Tyler Weaver's Composting Tips

Tyler Weaver CrazyAboutCompost.comIn a recent interview with BalconyContainerGardening.com, Tyler Weaver from CrazyAboutCompost.com and TylerTalksTrash.com gave some tips for composting in small-space balcony container gardens.

Learn more about Tyler Weaver and his quest to save the world one composter at a time.


BalconyContainerGardening.com: What are the best items to compost, and what items should be kept out of compost piles and compost bins?

As long as it isn't plastic, glass, aluminum, hazardous waste, meat, dairy, fish or oily stuff, throw it in the compost bin. I'll add bioplastics to the list, too. I feel like not enough work has been put into that stuff to determine whether or not it's properly compostable. I mean, look at the Sun Chips bag. What appeared to be an honest effort went bad: They didn't break down in home compost piles, and everyone got upset. Bioplastics don't experience prolonged temperatures for long enough in home composting efforts to be successful. However, I do think that ASTM D6400 is the proper standard for the decomposition of compostable plastic bags in a commercial composting facility, and I strongly urge avoiding any product that uses oxo-biodegradable technology as it's a sham.

At home, my composting setup is pretty simple. I drink a lot of coffee, so there's plenty of grinds in my bin. I shred leaves and add them for browns, as I don't have easy access to manure. I shred cardboard and bank statements for the worms, and I find that adding a bunch of fruit waste gives my outdoor pile a charge. Worms play in the dryer lint. It's a hard balance of nerding out on what is composted, versus keeping it as simple as possible when I teach others. My most important audience is getting people to get from zero to one, you know? "Keep it simple, stupid," they say.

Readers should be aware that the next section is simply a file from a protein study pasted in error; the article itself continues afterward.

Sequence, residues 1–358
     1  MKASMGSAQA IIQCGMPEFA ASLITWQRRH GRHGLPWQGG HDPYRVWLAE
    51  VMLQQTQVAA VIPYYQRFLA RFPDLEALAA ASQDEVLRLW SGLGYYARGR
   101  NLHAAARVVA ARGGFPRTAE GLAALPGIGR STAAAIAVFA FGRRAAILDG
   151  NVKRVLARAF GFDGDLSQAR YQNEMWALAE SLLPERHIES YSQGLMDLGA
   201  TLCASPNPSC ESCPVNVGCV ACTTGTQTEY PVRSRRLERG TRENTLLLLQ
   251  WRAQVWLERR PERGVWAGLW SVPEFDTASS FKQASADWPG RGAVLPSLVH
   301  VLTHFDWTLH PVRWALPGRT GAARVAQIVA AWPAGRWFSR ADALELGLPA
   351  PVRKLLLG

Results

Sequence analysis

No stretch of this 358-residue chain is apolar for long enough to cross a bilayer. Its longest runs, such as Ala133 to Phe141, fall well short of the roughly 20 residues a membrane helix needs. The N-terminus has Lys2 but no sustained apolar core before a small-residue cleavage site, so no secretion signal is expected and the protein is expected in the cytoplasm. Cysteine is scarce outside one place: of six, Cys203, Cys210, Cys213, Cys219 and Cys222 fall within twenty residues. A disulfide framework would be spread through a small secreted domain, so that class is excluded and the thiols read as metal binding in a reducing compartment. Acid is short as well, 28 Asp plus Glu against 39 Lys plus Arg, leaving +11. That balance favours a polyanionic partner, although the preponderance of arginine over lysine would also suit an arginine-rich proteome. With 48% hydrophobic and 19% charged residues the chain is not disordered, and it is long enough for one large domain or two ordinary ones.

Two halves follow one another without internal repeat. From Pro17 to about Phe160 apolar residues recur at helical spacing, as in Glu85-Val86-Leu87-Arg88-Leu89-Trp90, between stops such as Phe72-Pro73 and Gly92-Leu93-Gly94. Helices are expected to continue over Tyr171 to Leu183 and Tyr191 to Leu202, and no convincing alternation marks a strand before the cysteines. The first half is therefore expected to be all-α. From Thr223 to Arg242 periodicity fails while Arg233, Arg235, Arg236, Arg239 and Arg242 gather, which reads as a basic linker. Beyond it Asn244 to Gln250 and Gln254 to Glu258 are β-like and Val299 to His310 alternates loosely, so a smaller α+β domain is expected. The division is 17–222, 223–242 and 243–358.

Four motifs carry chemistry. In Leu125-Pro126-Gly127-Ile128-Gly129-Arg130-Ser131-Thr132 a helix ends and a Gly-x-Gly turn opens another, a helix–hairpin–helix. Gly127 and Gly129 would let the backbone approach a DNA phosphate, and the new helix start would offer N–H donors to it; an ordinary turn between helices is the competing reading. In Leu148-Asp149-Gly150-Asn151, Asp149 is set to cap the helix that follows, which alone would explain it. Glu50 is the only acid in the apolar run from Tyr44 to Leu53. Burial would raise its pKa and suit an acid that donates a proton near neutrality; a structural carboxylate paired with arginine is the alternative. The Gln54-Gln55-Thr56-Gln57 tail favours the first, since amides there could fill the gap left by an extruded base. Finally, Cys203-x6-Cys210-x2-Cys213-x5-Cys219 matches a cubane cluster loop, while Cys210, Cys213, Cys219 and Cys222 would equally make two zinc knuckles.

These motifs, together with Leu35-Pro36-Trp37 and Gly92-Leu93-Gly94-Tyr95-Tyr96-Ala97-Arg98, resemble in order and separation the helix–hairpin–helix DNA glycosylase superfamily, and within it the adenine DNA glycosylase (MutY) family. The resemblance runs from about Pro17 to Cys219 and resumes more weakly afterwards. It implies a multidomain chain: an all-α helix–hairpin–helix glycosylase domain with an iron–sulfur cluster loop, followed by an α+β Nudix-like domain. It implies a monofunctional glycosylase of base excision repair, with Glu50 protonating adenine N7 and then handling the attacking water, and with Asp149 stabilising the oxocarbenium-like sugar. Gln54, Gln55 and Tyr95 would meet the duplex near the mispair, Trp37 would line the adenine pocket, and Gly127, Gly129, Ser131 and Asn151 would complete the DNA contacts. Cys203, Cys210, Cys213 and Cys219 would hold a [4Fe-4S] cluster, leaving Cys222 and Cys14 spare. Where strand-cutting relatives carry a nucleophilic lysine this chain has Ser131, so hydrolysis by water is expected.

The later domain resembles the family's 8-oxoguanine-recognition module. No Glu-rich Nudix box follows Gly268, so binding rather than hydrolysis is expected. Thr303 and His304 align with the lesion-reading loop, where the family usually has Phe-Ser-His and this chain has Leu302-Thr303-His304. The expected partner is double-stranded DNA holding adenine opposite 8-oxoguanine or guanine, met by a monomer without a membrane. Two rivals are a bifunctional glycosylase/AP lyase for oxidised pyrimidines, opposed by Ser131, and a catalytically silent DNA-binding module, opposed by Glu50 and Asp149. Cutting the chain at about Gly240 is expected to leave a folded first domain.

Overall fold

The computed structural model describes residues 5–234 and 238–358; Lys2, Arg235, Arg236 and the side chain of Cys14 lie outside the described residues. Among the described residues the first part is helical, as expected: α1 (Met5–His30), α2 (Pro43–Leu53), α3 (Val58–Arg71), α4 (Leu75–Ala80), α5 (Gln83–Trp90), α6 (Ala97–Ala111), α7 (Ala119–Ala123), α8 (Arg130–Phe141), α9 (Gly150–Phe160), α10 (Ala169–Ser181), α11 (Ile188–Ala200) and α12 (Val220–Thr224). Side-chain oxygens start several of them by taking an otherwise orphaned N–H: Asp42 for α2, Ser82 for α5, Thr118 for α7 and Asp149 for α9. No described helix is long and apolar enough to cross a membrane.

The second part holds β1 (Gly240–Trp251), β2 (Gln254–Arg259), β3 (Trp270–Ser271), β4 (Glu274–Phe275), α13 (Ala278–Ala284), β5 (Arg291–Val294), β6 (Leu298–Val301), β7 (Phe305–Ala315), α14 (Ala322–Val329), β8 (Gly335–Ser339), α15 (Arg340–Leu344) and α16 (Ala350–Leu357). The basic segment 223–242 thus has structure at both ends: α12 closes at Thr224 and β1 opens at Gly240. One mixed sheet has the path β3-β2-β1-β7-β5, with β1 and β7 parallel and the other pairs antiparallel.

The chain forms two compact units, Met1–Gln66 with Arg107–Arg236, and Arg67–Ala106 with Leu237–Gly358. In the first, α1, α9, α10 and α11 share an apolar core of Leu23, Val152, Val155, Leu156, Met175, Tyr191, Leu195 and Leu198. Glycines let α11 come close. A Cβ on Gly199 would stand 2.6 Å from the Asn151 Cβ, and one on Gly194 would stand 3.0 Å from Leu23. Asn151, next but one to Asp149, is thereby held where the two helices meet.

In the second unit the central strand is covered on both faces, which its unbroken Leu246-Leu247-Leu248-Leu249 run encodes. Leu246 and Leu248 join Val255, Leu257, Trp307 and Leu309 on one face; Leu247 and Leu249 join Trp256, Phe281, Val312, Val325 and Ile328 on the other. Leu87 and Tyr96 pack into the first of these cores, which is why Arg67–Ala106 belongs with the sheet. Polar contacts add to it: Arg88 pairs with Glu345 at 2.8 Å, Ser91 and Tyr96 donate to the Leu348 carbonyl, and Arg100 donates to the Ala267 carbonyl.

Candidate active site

BCG: What makes THE BEST compost to use for gardens? Have you found the best "recipe" of ingredients to put in?

The best compost for gardens is the stuff you make yourself, in my experience. Well, maybe that's not entirely true. I have yet to get store-bought compost that outperformed my own compost. I think that has to do with the fact that my stuff is obviously fresh from the tumbler/worm system, while store bought stuff sits in a bag for a while, just becoming more and more lifeless over time. Nonetheless, I highly encourage people to make their own compost to see for themselves how much waste they can reduce at home and put to good use.

As for the best recipe, I don't know. I tend to go heavy on the browns and take my time with it. I like to watch the process, but I don't like to turn a pile every day or want to worry about it. If you shred your material, pay attention to moisture and keep out the obvious bad stuff, I think it's hard to go wrong. As a city slicker, I wish I had better access to manure. That stuff is awesome for composting. However, my focus is to get people going in cities and cramped spaces, so manure isn't usually available. I work with what's readily available to me with the least effort.


BCG: How often do you add compost to your container plants?

I add compost at the start, but that's about it. Maybe after a few months I'll add an inch or so when I notice the level of soil in the plant container has decreased. I make a lot of compost, and I don't know what to do with half of it. I often give it away to friends.


BCG: You live in Philadelphia. In cold weather and extreme heat, should people bring in their bins? If so, do you have any tips for doing this with the least amount of bugs and water leakage?

Worm bins? Yes. Compost bins? No. Outdoor composting works most of the year, and in the coldest months, if you were really on top of your game and motivated, you could probably keep it going. Since I don't generate a lot of material (which is on purpose), I have no need to do so and just pay more attention to my indoor worm system in the colder months. Bugs aren't really a problem in the colder months for me. In the summer months, I make fruit fly traps, but in the winter I don't have to do anything, really. I hate winter, but it's great for indoor composting without insect pests.


BCG: Is there anything else you'd like balcony gardeners to know about composting?

Do it. I can't imagine what gardening is like without composting. Composting is really satisfying, and your plants love it too. If you look up the Clash of the Composts! video on my Youtube channel (see the video on the right), you can see how my experiments went with using compost versus not using it…pretty drastic results. I always urge people to look past their initial perceptions of what compost is. You wouldn't believe how many people think it's disgusting, when really it's just the most natural cycle of life occurring. Keep it dirty!

Read about Tyler Weaver in another BalconyContainerGardening.com interview.

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